Compare behaviour to a tomato plant. It takes time for a tomato plant to take root, grow, spread out, and produce fruit. The process is similar to neural pathways growing in a dog’s brain during training. It takes time, fertilization (great rewards) and cultivation (consistency and repetition) to get results. To get your dog to choose to follow a particular behavioural pathway, such as to come when called, instead of the pathway Mother Nature is growing, like chase the bird, training must begin early and be repeated often. It must also start at a non-distracting, capability-appropriate level at which both you and your dog can be successful.

 The most important behaviour to teach your dog in preparation for being off-leash is “come”. There are a few ways you can do this.

A) This is something you can do everyday from the first day you bring a puppy or newly adopted dog into the home. This is pure Pavlov. Say a word like “treat”, “here” or “bingo” and within one second, stick a treat in your dog’s mouth. You must be close enough to the dog that the treat gets right to him; you don’t want him walking towards you. Do this every day for the rest of his life.

Think of it this way: by doing this exercise, you are putting money in your savings account so if an emergency hits during an off-leash walk in the park, you can make an emergency withdrawal. Is your dog running at a skunk? Make an emergency withdrawal and say the word you used during training.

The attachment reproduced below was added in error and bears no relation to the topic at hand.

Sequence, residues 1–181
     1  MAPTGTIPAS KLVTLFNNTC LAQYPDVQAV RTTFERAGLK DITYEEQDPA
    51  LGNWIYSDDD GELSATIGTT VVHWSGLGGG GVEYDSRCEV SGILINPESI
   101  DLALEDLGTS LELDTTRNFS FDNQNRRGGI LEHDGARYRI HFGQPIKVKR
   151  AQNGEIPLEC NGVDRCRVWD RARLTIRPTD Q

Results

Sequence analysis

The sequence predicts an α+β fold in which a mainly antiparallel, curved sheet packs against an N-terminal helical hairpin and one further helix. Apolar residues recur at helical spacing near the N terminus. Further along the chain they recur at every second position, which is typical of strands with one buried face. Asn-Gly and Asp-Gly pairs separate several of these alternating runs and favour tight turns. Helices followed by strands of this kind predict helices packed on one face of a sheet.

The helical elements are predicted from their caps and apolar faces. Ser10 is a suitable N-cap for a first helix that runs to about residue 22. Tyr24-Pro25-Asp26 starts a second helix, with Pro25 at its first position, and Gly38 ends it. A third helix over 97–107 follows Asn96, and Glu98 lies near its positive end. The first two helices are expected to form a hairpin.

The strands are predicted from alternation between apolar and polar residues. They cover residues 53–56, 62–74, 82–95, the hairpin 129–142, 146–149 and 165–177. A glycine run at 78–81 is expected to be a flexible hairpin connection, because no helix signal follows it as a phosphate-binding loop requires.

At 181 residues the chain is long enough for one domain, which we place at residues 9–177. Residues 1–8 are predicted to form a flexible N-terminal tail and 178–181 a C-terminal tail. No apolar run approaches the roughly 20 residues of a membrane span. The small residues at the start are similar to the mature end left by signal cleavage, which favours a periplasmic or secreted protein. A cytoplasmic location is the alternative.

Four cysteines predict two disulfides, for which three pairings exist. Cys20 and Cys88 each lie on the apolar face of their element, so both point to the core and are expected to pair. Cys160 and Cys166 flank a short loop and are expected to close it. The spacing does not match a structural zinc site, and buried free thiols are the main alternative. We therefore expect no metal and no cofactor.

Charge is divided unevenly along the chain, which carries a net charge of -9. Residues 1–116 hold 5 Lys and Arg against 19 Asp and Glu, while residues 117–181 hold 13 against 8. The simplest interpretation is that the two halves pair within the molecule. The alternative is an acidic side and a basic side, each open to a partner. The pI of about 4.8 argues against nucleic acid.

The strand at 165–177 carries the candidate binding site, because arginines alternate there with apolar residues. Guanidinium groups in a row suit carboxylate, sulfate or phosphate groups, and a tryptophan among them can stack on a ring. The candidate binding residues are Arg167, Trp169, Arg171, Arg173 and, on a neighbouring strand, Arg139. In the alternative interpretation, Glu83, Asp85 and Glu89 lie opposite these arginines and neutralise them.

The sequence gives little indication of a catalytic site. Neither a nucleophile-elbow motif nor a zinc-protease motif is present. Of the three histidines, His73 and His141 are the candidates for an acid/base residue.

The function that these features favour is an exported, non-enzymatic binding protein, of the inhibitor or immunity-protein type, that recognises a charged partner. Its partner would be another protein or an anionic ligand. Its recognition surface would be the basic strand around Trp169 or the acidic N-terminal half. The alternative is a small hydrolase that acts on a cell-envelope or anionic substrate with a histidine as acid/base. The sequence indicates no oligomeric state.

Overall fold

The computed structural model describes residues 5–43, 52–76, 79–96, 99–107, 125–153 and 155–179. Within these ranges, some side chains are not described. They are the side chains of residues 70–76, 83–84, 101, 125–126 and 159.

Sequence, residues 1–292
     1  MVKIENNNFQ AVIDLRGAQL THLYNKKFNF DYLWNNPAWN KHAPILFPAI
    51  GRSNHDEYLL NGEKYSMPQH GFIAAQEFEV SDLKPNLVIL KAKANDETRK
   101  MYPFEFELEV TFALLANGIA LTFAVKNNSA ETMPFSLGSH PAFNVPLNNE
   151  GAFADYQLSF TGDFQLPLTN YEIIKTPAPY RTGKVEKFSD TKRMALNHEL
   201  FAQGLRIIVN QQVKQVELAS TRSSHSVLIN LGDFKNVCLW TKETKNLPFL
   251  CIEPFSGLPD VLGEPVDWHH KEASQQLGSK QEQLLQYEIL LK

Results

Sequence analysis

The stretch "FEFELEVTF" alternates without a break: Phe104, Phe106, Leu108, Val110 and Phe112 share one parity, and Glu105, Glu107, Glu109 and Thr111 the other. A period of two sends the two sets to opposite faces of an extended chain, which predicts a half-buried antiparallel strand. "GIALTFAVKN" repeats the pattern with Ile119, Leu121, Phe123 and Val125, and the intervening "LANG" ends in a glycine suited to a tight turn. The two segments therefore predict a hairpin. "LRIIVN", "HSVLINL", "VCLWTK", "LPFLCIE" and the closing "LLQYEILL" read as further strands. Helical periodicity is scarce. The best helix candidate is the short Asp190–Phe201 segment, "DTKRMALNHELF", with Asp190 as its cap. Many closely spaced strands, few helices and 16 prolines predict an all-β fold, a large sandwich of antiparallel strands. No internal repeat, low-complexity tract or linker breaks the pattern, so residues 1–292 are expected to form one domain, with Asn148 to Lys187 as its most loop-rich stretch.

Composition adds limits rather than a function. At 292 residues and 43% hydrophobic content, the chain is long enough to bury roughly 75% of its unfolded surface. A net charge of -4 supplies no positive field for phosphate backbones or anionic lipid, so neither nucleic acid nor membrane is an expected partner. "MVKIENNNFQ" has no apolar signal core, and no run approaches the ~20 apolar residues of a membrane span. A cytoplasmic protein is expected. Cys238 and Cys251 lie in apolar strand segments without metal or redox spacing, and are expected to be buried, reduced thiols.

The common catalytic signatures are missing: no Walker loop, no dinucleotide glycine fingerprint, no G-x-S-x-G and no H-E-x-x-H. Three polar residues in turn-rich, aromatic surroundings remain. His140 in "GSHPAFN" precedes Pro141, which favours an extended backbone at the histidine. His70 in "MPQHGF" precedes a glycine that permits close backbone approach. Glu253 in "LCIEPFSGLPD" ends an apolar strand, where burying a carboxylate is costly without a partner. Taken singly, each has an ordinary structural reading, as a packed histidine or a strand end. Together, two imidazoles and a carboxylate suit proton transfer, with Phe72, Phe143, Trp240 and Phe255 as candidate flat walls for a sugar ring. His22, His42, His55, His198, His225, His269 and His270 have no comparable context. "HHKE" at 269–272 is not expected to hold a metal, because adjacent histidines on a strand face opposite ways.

Test him: It is important to let your dog’s neural pathways grow without interruption. Do a test after the first 30 to 60 days of initiating this particular training. Watch him playing and suddenly say “Here!” If he doesn’t immediately stop what he’s doing and come to you, do not repeat the word. Continue your daily practice and try again in 15 to 30 days. Make it fun, and be consistent and precise with signals. Start at a kindergarten level and gradually add more challenges with various distractions and increased distance and duration.

B) Many trainers use the word “touch” to have a dog touch something with his nose. I use the same idea to teach “come” by saying the word and having the dog touch my hand. If my dogs see my hand move down to my side, even from 100 yards away, they know it’s the hand signal for “come” and will respond by returning to me.